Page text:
Food Revolution 5.0 – Design for Tomorrow’s Society

Paul Gong, Human Hyena, 2014, © Paul Gong, Foto | Foto: Andrew Kan. 

How will we eat in the future, what will provide us with nourishment in our growth-based society with its dwindling resources? We all play a role in shaping the globe through our eating habits. Eating ceased long ago to be a private matter and is now a highly political act.

Berlin’s Kunstgewerbemuseum is transforming into an artistic-scientific-speculative laboratory for new models of thought and practice revolving around the future of eating and living. For the exhibition, 30 international designers – including Werner Aisslinger, Hanan Alkouh, Martí Guixe, Jinhyun Jeon, Ton Matton, Maurizio Montalti, Chloé Rutzerveld, Andrea Staudacher, Johanna Schmeer, Carolin Schulze, Austin Stewart and Marije Vogelzang – are presenting their ideas and visions for designing the transformation of our nutritional system.

Our society is socially shaped and conditioned through all facets of food, from the raw materials through to consumption. Food is nothing other than formed, “designed” material – so “food design” is among the earliest existing forms of design. And the kitchen is a central site of social design. This special exhibition, curated by Claudia Banz, was shown in 2017 at the Museum für Kunst und Gewerbe in Hamburg, and has been updated with new projects for Berlin, and is being designed by the architecture firm Kooperative für Darstellungspolitik. It is divided up into four thematic spaces: Farm, Market, Kitchen, and Table.

Hanan Alkouh, Sea-Meat Seeweed, 2016, © Tom Mannion. 

In light of the world’s dwindling natural resources, the exhibition makes a plea for post-growth, alternative forms of “farming”, in the countryside, in the city, and in our own homes. The projects being presented range from an urban community orchard and an edible garden to an indoor farm, right through to insect farms and mini-composters for city apartments.

Another thing that is crucial to our personal well-being and health is the issue of what and how we eat. Designers are analyzing our eating habits and developing new forms of cutlery or tableware. The exhibition also addresses the negative effects of meat consumption, but also the 3D printer as a new means of production for our nutrition. New technologies such as biotechnology or synthetic biology provoke speculations about in vitro meat, the modification of our digestive system or even about digital food that is generated by our personal data. The challenge is immense, as our entire nutritional system and eating habits are under the microscope. The exhibition closes with the thesis that we desperately need a global food revolution. It argues for the Food Revolution 5.0, which combines future technologies with some of the old, artisanal cultural practices of a DIY ethos, and cultural knowledge about the details of food production. We are all called upon to join this revolution: today, consumption is a question of responsibility.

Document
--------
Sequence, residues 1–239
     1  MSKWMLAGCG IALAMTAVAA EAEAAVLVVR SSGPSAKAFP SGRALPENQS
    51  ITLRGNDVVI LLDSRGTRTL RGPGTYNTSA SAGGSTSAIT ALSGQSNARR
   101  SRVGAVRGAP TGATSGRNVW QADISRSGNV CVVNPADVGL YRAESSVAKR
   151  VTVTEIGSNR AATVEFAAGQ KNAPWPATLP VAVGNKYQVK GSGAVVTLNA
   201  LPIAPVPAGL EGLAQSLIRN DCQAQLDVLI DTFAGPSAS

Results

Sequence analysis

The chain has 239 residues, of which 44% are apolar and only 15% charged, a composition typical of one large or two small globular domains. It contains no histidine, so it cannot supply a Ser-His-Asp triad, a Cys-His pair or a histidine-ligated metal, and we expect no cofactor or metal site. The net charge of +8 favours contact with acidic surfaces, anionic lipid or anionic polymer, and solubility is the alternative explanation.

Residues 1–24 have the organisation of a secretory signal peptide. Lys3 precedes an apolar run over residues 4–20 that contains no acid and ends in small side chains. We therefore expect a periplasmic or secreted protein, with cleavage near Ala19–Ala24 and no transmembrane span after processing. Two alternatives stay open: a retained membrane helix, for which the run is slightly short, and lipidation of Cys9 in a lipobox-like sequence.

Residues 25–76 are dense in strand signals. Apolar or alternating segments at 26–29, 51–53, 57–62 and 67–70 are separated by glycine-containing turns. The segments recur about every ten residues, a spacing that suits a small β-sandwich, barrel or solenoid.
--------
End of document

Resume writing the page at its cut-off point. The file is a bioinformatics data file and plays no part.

The Kuwaiti designer Hanan Alkouh looks into the possibilities of replicating our cultures of meat production, storage, and consumption in a meatless world. In her project In Vitro ME, Dutch food designer Chloé Rutzerveld speculates about the human body as a future producer of in vitro meat. The Hive, by Austrian designers Katharina Unger and Julia Kaisinger are entirely real, the first mini-farm for edible insects, which can be set up in your kitchen at home. Jinhyun Jeon from Taiwan designs new eating utensils to optimize our multisensory eating experiences, and to foster mindful eating. With the project Volumes – brightly colored objects that are placed amongst the food on the plate – Dutch designer Marije Vogelzang also wants to positively influence our culture of eating. Bioplastic Fantastic, a project by the German designer Johanna Schmeer, looks for new product types and foodstuffs that could emerge from bio and nanotechnology. For the Spanish designer Martí Guixé, the future lies in the still speculative nutritional system of Digital Food: where an algorithm uses individual data to decide on the appropriate nutritional elements, which the user can then select from the interface and can then be produced on demand with a 3D printer.

Chloé Rutzerveld, Edible Growth, 2014, © Chloé Rutzerveld, Foto: Bart van Overbeeke. 

The exhibition begins right at the entry of the Kulturforum. On the Piazzetta, the Dutch town planner and designer Ton Matton is going to create an “urban community orchard”. Together with the students of the urban open spatial planning module at the Technische Universität Berlin, the German landscape architect Katrin Bohn will transform a previously unused courtyard at the Kunstgewerbemuseum into an edible garden.

Food Revolution 5.0. Design for Tomorrow’s Society is supported by the Kulturstiftung des Bundes, the Karin Stilke Stiftung, and the IKEA Stiftung.

A special exhibition Food Revolution 5.0. Design for Tomorrow’s Society
18 May – 16 September 2018
Organized by the Museum für Kunst und Gewerbe Hamburg in cooperation with the Kunstgewerbemuseum – Staatliche Museen zu Berlin
Opening: Thursday, 17 May 2018, 7 pm

During the exhibition period, an extensive supplementary programme will take place, with artist’s talks, performances, talks and panel discussions. The exhibition will be accompanied by a publication by Kettler Verlag, 223 pages, ISBN 978-3-86206-645-2, price: € 24.90.

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